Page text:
Linux is often used by developers (and it’s great for it, I used it myself for years). The default editors are fine for beginners, but if you’re working on serious projects, you’ll probably look for a better alternative. Today, we’ll see how to install PyCharm on Debian.
PyCharm has a community version, available for free on their website. The download file for Linux is already compiled, so that the PyCharm IDE can be started directly by running pycharm.sh.
Running it once is fine, but the idea in this article is to go a bit further. I’ll show you everything you need to know in order to get the most out of it.
Install PyCharm on Debian
With Eclipse and Visual Studio, PyCharm is one of the most popular IDEs for programmers, especially when working with Python. Market share results vary too much to be considered – from 7% on the Top IDE index to 35% for JetBrains, the PyCharm editor ^^.
PyCharm is well-known in the industry, with all the best features we can expect from an IDE, that’s why we’ll learn how to install it on Debian.
Download the Community version
PyCharm has two versions available:
- A Professional Edition, where you need a license to use it (approximately $200 a year).
- A Community Edition, which is open-source and free to use.
In this tutorial, we’ll try the Community Edition, but there is a free trial for the Professional if you are interested.
To download the files, you can go to this URL on the official website.
Extract the files
You should get a tar.gz file in your Downloads folder. You will need to extract all the files:
- Open the file manager (there is a shortcut in the top bar).
- Go to the Downloads folder (probably /home/USER/Downloads).
- Find the PyCharm archive and right-click on it.
- Choose “Extract here” and wait a few seconds.
A new folder containing all the files will be created.
If you prefer the command line, you can also start a terminal and run:
tar -zxvf pycharm-community-A.B.C.tar.gzReplace A.B.C with the version number you downloaded (tip: use tab to auto-complete the file name).
Make sure Java is installed
Before doing anything else, we need to install Java. It isn‘t necessarily installed by default on a fresh Debian system, so you might need to check this first.
You can use this command line:
sudo apt install openjdk-17-jreOnce installed, or if it’s already on your system, you can move to the next step.
As there is no installation wizard for PyCharm, you won’t find it in the main menu.
We’ll get back to this later, but for now, you can try running it from the Downloads folder:
- Open a terminal.
- Go into the newly extracted folder (/home/USER/Downloads/pycharm-community-A.B.C).
- The executable is in the bin subfolder.
- Run “pycharm.sh”:
You’ll see the PyCharm loading screen and will need to accept the user agreement and data-sharing preferences. Then the interface will start:
From there you can use it as you are used to, I suppose.
The goal of this tutorial isn’t to show you how to use PyCharm. If it is your first time using it, you can easily find some help on the Internet.
Improve your PyCharm installation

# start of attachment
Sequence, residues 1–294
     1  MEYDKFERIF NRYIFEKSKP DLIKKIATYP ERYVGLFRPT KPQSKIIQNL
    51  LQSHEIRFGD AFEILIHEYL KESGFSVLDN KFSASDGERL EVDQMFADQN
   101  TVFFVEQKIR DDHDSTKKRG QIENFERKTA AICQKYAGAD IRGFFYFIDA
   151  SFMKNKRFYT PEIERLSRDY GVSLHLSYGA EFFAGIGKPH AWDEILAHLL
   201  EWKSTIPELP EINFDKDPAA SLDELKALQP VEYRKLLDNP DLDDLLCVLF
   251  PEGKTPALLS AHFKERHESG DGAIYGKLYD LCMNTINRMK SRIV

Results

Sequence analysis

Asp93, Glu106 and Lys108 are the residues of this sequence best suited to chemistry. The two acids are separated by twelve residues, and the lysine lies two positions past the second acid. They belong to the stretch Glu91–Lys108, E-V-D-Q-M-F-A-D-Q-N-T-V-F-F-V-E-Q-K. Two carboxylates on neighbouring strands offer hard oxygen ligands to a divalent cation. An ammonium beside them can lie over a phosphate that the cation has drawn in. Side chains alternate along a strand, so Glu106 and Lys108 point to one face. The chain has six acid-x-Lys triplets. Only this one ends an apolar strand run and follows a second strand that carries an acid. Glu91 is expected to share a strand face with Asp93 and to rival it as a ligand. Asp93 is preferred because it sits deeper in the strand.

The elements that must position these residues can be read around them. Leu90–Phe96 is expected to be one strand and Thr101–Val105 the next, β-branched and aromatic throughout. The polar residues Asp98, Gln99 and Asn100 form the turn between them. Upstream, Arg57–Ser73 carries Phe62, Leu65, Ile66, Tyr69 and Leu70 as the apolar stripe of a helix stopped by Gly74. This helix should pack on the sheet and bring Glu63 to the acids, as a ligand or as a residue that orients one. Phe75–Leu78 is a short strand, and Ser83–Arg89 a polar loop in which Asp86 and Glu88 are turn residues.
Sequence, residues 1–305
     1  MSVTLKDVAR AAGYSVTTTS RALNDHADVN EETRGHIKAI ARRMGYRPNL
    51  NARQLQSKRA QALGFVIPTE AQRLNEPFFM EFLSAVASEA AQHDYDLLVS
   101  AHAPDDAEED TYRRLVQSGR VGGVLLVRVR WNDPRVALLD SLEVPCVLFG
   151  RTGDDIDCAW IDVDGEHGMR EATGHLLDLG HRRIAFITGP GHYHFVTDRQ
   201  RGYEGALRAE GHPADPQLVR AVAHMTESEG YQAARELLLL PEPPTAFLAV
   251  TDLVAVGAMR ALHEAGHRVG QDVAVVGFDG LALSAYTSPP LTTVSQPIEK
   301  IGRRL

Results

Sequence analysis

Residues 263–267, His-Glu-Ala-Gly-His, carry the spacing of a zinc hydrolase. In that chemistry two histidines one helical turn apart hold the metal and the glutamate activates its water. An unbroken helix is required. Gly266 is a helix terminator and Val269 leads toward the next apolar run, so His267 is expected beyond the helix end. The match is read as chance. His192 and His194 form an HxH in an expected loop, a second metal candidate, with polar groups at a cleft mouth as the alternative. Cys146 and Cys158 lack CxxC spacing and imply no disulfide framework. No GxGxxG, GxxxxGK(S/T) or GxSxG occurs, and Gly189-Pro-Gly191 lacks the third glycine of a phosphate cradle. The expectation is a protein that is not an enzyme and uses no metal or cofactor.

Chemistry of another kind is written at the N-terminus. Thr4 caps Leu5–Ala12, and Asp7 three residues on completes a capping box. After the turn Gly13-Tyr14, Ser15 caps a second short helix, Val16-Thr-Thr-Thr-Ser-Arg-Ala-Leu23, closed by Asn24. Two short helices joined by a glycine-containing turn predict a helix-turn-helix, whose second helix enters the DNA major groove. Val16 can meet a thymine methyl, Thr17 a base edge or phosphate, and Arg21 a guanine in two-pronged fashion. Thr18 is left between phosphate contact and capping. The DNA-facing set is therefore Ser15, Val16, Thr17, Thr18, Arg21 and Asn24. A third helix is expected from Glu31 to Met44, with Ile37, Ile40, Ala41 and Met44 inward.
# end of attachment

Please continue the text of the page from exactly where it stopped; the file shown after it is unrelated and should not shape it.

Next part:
If you are used to my articles, you know that I always try to add a few bonus tips in each article. After installing PyCharm, there are at least two things you can do to improve your experience.
Move the files to a safer location
I don’t know you, but in my case, I consider the Downloads folder a temporary folder. You rarely need the files in it more than once.
As soon as I have too many files in it, I delete everything or at least move the files into a subfolder to make sure I don’t need them.
Anyway, it isn’t a good practice to keep your applications in the Downloads folder. If there isn’t an installation wizard, it’s recommended to move them to another folder (/opt for example). This is exactly what we’ll do:
- Close PyCharm if it’s still running.
- Open a terminal.
- Run the following command:
sudo mv /home/$USER/Downloads/pycharm-community-A.B.C /opt/
Don’t forget to replace A.B.C with the version number you have.
We have to use a terminal because the default user doesn’t have the right to write in the /opt folder.
You can now start PyCharm from the /opt folder instead of /home/$USER/Downloads.
But that’s still not very convenient, which is why I’ll show you how to create a shortcut in the main menu.
Create a shortcut for PyCharm in the main menu
There is no installation wizard for PyCharm, we get the files already compiled and ready to use. It’s fine, but it doesn’t add it to the launcher on Debian.
Here is how to create your shortcut (tested with GNOME, but it’s similar with other environments):
- Open a terminal.
- Go to ~/.local/share/applications/ :
- Create a new file for PyCharm:
- Paste the following lines:
Obviously, you need to change the file path to fit your installation.
- Save and exit (CTRL+X).
A few seconds later, you should find the PyCharm icon in the GNOME apps launcher:
That’s it, your app files are in a safe location, and you can run your favorite text editor as if it has been installed via APT or the Software app. Enjoy!
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